Sadly, I didn’t nail this angle, which is one I chose for a couple of our local kids, Richland’s Katie Mahoney and Pasco’s Marisa Vander Malle. A little more depth of field would have made the sand trap read a little better, and perhaps I should have shot wider, but I had already opted for wider shots earlier in the day and was really trying to mix it up.
Though I wish I would have placed 4A boys champion and course record-setter Shane Moskowitz of Central Kitsap in a better position, I like the swishy tree and all the competition he’s leaving in the dust.
The tight timing between races meant I didn’t have much of an opportunity to shoot features away from the race, but I did stumble across these kids tackling each other while heading toward the ponds:
And lucked out again by being in the right spot at the right time as Cascade-Everett's Aaron Bartee got caught in a pileup on the first hill of the 4A boys competition, causing a restart:
I know. This flies in the face of my previous reservations about extremely loose edits, but I chose to include all those photos for a few reasons. First, I had spent so much time and effort covering the races that it would have felt like a waste not to show off some more of my work. Also, since I had asked the other papers who were running my photos to include a teaser for the Herald’s gallery, I wanted to make sure schools from around the state were represented. I was also curious about how much interest a giant gallery of cross country shots would generate, since local cross country galleries typically don’t generate as much traffic as football or basketball.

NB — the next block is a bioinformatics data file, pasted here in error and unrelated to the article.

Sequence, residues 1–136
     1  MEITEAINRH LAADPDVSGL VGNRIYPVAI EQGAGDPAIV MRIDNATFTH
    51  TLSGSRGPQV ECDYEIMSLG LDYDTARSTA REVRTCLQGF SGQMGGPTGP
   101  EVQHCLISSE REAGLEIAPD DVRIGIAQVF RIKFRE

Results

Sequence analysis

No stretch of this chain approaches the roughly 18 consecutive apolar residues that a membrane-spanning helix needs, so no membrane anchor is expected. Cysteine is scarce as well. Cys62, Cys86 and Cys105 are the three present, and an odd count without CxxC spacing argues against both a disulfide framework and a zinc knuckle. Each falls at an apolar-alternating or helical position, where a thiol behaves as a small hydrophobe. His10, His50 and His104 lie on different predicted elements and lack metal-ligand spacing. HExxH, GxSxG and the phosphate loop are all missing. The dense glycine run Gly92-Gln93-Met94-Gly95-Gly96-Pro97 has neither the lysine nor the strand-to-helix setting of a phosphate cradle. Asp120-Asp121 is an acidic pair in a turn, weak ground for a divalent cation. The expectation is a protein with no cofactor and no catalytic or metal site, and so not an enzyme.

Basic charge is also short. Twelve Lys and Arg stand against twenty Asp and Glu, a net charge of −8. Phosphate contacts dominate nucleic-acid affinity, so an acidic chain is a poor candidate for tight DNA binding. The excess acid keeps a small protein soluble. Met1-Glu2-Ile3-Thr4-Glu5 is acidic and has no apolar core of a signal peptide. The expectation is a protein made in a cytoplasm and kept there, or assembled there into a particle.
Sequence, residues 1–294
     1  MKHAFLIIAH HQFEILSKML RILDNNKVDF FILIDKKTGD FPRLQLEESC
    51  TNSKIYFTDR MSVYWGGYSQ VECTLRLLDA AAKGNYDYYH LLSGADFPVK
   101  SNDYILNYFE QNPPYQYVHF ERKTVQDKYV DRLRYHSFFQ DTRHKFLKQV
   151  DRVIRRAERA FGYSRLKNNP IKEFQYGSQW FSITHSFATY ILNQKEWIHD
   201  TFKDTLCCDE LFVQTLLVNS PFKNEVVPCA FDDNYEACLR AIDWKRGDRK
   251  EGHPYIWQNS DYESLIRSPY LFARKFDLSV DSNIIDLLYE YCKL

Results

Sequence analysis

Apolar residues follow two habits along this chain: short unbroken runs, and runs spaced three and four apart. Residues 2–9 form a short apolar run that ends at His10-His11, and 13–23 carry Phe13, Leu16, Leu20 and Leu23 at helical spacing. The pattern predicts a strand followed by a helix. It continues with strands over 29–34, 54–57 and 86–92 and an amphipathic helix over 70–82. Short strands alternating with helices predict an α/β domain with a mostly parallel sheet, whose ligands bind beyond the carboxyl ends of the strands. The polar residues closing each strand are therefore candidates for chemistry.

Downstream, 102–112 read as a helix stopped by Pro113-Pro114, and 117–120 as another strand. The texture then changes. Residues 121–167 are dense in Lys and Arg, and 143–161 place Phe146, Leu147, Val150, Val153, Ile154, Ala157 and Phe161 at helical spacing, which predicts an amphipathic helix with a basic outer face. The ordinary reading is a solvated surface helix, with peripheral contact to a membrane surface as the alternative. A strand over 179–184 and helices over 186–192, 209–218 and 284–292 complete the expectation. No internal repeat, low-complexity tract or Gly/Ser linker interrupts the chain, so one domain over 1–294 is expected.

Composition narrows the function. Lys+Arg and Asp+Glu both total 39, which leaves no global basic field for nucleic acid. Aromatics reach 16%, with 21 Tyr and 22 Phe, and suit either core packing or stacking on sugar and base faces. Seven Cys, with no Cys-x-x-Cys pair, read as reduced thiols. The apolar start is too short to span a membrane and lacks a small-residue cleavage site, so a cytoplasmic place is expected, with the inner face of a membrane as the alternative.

So how did it do? As of Wednesday, it had generated 32,856 page views from 681 visits, 13.3 percent of which were from the Seattle-Tacoma area (26.7 percent were from the Yakima/Tri-Cities area). This means the average number of photos viewed per person was around 48, which is much higher than I expected. Also, the 681 visits were from 605 unique visitors, and it’s probably safe to assume that a lot of the repeat visits were to check out a few specific photos again to show friends or family, which would drag the average down a bit. Compare this to some other recent popular photo galleries:
The 10th annual Regional Veterans Parade had 61 images and 17,185 page views from 526 visitors viewing around 33 each.
The Hanford Howl Ultimate Frisbee tournament had 32 images and 14,862 page views from 701 visitors viewing around 21 each.
And the Kamiakin Soccer overtime win had 35 images and 12,821 page views from 534 visitors viewing around 24 each.
It’s clear that viewers' attention spans start petering once they've seen more than 20 photos, and like I wrote before, these galleries, and even the photos I’ve shared again in this blog post, are extremely loose edits full of visual redundancies. And while it’s also clear that people enjoy seeing photos of themselves in these photo galleries, as photojournalists we have to strike a balance between gratuitous face promotion and photos we can be proud of publishing.
Also, in situations where you feel like it's taken a great effort to get certain shots, it's easy to form an irrational attachment to certain photos. These shots will hold a significance that nobody else will see. Often times, photographers will ask other shooters to kill their babies — a hilariously morbid term for these not-so-special frames. And with 10 races with more than 1,000 runners where I shot 650 photos in a few hours while running what had to have been at least 5K throughout the day, I definitely have a lot of babies to kill.